Shortly before he graduated, he made his professional acting debut in an off-Broadway production of Horton Foote’s “Valentine’s Day,” in which he co-starred with his father. The decision was made. He would become an actor.

Studying with renowned drama coach Uta Hagen and voice coach Robert Leonard polished his fledgling talents, but he gives a major share of the credit to his parents.

“I used to spend summers with my fat,her when he was doing summer stuck, wherever the theatre was,” Broderick explains. “I loved watching him on the stage. And my mother, who’s written and directed plays, showed me how to work on a scene. In fact, she still analyzes roles for me, and helps me get ready for auditions.”

After his television bow as a guest star on the “Lou Grant” series, Broderick landed a six-month starring role in Harvey Fierstein’s stage hit, “Torch Song Trilogy,” then running off-off Broadway.

When the production moved up to off-Broadway, he won the Outer Circle Critics’ Award, the Villager Award, and splendid reviews from major publications. (“One of the most original, witty and touching performances ever seen from a young actor,” said Newsweek. “A bright future,” predicted Variety.)

He also caught the eye of playwright Neil Simon, who was searching for a teenager to play himself as a young man in an upcoming play, “Brighton Beach Memoirs,” and Marsha :Mason’s son in a film, “Max Dugan Returns.” Broderick won both roles.

The movie came first. After principal photography was finished, but before he could start rehearsals for the play (scheduled to open first in Los Angeles), Broderick was offered the role of David Lightman in the film, “WarGames.” He could not resist it.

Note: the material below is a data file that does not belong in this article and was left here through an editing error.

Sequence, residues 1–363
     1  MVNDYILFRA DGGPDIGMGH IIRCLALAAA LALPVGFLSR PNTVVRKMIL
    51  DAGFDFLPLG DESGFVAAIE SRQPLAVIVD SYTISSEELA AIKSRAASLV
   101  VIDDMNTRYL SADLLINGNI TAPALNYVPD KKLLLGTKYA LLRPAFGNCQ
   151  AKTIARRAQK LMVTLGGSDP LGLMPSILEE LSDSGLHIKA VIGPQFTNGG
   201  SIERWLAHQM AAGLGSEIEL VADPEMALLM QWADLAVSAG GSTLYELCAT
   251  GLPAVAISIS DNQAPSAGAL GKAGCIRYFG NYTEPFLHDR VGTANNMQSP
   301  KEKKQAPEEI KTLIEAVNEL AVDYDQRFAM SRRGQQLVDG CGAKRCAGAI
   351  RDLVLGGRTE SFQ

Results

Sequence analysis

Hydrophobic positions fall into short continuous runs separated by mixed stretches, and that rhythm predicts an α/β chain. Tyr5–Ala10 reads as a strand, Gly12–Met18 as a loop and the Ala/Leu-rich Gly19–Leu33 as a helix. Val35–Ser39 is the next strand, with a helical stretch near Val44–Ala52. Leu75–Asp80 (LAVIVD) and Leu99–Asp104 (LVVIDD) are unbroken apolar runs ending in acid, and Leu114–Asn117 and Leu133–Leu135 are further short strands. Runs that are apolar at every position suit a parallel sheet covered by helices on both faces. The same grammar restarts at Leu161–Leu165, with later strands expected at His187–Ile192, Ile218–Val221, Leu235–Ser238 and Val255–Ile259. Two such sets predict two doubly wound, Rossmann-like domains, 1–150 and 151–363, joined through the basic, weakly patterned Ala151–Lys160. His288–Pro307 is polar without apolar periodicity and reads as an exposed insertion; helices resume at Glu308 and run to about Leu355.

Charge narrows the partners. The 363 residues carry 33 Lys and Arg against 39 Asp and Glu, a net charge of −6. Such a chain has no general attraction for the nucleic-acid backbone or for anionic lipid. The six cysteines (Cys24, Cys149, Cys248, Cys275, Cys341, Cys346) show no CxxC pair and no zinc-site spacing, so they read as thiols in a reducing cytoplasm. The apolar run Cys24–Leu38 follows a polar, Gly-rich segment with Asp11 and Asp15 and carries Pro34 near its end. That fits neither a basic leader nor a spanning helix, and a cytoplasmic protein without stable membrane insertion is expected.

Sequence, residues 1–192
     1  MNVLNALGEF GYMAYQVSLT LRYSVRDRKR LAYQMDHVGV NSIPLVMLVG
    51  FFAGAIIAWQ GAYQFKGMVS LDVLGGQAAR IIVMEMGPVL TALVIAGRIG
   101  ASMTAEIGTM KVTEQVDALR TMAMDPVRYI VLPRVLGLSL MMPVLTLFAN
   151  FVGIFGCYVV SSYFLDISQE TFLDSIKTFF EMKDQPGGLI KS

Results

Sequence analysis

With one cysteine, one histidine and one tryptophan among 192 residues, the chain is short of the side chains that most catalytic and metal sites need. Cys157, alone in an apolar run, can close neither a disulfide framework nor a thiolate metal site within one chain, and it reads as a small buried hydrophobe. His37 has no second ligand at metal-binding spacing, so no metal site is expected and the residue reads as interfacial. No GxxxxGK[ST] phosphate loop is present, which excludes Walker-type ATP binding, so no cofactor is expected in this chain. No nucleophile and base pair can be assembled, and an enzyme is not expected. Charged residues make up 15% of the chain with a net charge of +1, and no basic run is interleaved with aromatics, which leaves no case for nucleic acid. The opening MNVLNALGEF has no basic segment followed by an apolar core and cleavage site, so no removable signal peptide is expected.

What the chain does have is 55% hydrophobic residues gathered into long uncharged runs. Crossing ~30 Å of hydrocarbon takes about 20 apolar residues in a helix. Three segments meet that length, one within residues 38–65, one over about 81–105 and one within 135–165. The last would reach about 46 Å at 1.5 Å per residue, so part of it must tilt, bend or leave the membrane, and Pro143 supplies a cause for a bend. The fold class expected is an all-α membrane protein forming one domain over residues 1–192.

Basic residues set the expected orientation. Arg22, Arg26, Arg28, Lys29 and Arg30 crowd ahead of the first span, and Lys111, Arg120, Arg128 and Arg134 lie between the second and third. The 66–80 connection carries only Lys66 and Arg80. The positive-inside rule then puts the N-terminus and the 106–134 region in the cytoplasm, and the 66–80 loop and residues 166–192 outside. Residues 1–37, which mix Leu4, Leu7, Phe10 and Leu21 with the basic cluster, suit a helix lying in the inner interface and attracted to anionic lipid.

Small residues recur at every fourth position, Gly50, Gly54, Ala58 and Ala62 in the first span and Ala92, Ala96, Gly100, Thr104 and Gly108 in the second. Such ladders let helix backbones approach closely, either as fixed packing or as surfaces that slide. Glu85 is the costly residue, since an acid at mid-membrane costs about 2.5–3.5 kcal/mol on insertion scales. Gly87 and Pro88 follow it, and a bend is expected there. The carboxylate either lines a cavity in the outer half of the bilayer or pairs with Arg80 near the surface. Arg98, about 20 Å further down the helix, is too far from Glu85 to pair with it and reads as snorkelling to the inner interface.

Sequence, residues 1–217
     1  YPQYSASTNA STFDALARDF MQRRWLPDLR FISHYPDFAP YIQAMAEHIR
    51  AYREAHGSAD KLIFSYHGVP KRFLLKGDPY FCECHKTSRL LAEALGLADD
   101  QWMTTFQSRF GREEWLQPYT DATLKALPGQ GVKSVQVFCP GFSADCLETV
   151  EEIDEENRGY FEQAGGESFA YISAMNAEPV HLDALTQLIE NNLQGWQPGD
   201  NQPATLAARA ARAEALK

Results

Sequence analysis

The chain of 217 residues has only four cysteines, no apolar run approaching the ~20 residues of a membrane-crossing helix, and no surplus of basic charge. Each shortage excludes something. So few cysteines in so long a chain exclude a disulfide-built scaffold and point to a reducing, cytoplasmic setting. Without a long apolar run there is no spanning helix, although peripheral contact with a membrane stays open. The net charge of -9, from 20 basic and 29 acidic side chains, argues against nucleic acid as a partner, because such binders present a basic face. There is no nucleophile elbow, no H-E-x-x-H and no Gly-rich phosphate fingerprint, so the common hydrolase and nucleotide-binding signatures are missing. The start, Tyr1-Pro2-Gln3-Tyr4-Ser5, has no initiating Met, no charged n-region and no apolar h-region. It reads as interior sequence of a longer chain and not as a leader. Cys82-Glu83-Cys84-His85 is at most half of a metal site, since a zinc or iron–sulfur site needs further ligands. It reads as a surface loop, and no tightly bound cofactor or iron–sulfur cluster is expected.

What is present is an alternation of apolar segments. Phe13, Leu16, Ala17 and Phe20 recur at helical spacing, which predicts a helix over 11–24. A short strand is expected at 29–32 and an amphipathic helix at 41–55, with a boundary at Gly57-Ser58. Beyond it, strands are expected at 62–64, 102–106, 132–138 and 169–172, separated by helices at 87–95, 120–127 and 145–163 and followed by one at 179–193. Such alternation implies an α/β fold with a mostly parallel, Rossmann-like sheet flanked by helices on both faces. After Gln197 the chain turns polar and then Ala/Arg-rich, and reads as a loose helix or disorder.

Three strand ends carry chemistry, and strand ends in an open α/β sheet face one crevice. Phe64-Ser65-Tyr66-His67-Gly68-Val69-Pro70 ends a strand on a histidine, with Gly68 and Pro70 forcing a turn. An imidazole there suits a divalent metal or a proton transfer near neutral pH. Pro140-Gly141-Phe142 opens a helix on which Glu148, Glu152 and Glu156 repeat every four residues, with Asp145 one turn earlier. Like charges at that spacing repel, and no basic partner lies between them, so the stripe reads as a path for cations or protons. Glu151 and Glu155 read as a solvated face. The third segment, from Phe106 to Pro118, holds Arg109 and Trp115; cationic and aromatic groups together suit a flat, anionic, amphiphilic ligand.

A combination of innocence, mischief and intelligence, it brought Broderick his widest recognition so far, as “WarGames” became one of the biggest hits of the summer of ’83.

Meanwhile, Broderick was deep into rehearsals for “Brighton Beach Memoirs.” When the play moved to Broadway, bringing him the coveted Tony Award, Broderick was hailed as “the toast of two coasts” by the Los Angeles Times.

“Success like this is scary,” admits the 22-year-old actor. “But I was taught that if somebody works hard, he usually gets pretty good at his job. And if he has a quality people like, then he’s lucky.”

Luck or not, Broderick continues his climb. After “Ladyhawke,” he returns to the stage once more–in Neil Simon’s “Biloxi Blues,” a sequel to “Brighton Beach Memoirs.”

RUTGER HAUER BIOGRAPHY

As Etienne of Navarre in “Ladyhawke,” Rutger Hauer is a knight exemplar whose swordsmanship is tested to save a boy-thief from death and a kingdom from corruption.

But he cannot save himself–nor the woman he loves-from their shared fate. Under the curse of a demonic Bishop, she is a hawk by day and he a wolf by night, destined to spend eternity together … yet never touch.

Based on a medieval legend which has endured in countless tongues and forms since the 13th century, 11Ladyhawke” also stars Matthew Broderick as the wily urchin who holds the key to the curse and Michelle Pfeiffer as the enchanted hawk of the title.

Leo McKern, John Wood and Ken Hutchison co-star in the Richard Donner Film for Warner Bros. release.

The role of Navarre is a natural for Hauer, whose tall, Teutonic good looks and aura of power have made him Holland’s top film star. Best known to American audiences as Harrison Ford’s nemesis in “Blade Runner,” he came to international prominence as the princely WW II hero of the “Soldier of Orange.”